Album Review: Suede – “The Blue Hour”
Of all the bands who were herded under the all-encompassing mid-90s indie umbrella that was was Britpop, I’d argue that Suede (along with Pulp) were the ones who had the most in common with the music we cover on Pure Rawk. Possessing a decadent swagger and savage style a million miles away from neanderthals like Oasis, their music owed far more to the golden age of Bowie, Bolan and Roxy Music than to any sort of tired 60s retread, and their first two albums remain stone cold classics to this day before the law of diminishing returns started to slowly creep in.
Through various splits, reformations and line-up changes, Brett Anderson and co have managed to steadily navigate their way through the intervening 25 years (Christ, that makes me feel old) to cement their place as well-respected elder statesmen of alternative music, and “The Blue Hour” is their third album since the Mk 2 line-up got back together in the late noughties. Similar to its predecessors, 2013’s “Blood Sports” and 2016’s “Night Thoughts”, it’s a loosely conceptual album with the themes based around the hour around dusk, the titular blue hour.
While those two albums were solid efforts which proved that Suede were still a going concern, “The Blue Hour” is probably their strongest offering since getting back together. Yes, it’s not quite as good as their eponymous debut or “Dog Man Star” (let’s face it, that was always going to be a tall order) but it’s definitely on a par with anything else they’ve done down the years. Similar to its predecessors, it’s got a big surround-sound cinemascape feel to it, but it maybe packs a little bit more of a punch with the swooping likes of “Beyond The Outskirts”, “Tides” and “Don’t Be Afraid If Nobody Loves You” being the sound of a band playing with confidence and keen to test what they can do.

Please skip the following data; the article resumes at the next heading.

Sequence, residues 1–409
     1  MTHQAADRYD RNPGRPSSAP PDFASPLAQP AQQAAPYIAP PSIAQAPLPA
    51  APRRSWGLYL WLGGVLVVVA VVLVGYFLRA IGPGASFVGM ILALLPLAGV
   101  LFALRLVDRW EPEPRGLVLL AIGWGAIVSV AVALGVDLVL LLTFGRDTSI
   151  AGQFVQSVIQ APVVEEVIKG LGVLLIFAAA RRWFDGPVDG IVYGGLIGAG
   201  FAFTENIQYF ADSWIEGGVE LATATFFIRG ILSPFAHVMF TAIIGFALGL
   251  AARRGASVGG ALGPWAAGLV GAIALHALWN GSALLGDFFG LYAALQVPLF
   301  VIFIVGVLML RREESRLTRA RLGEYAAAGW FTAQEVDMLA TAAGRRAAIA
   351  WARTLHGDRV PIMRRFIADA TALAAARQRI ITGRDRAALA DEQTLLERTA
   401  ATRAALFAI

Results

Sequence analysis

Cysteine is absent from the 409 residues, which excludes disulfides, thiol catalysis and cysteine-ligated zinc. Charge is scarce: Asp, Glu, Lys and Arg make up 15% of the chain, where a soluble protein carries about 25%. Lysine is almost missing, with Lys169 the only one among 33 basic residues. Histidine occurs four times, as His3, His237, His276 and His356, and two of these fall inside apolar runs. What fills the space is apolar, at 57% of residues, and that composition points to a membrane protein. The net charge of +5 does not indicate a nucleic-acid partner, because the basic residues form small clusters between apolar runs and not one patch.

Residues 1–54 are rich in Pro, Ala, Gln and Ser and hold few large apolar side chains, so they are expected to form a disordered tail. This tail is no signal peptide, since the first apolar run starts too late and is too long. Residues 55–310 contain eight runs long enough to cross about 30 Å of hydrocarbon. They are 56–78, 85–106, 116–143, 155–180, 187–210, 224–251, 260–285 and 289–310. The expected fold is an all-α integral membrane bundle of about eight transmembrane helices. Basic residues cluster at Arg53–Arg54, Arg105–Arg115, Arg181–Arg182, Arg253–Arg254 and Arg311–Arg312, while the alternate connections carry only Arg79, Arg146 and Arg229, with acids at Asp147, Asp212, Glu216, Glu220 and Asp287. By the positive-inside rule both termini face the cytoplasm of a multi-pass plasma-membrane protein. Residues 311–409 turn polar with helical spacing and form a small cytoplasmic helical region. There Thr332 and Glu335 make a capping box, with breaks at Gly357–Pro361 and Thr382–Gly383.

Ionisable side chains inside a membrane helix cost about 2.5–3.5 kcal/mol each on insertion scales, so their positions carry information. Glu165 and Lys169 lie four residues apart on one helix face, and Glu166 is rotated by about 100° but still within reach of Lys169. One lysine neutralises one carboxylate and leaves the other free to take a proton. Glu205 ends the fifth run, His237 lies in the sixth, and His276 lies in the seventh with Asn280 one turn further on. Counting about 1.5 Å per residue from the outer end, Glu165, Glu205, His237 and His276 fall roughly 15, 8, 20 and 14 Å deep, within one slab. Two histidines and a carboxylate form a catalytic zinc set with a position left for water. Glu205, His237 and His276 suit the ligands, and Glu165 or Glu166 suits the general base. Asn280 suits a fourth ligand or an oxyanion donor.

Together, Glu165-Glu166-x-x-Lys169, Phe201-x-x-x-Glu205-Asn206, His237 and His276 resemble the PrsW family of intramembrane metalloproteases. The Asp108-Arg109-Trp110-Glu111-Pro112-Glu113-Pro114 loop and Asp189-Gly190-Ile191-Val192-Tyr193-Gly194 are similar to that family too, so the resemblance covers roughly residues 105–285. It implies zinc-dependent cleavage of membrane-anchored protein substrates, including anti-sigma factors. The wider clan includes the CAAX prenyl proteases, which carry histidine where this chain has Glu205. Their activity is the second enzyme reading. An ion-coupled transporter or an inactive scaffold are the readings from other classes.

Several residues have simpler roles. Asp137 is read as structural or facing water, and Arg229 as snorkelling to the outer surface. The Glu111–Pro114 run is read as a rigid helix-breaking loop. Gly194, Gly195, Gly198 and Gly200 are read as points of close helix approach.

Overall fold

Anderson’s voice has evolved from the sneer of old to a more authoritative boom as evidenced on the stark “Wastelands” and “Mistress”, and behind him the band keep things focused and tight. All in all, “The Blue Hour” is a good addition to Suede’s back catalogue and should go down well among their followers.
Probably Suede's most fully realised album since their reformation at the start of the decade, "The Blue Hour" mixes some heart-stopping dynamics on the slow numbers with a good solid punch on the faster ones and comes up smelling of roses. Although it may not appeal to those who didn't like the band to begin with, this should be more than enough to keep the band's sizeable following happy.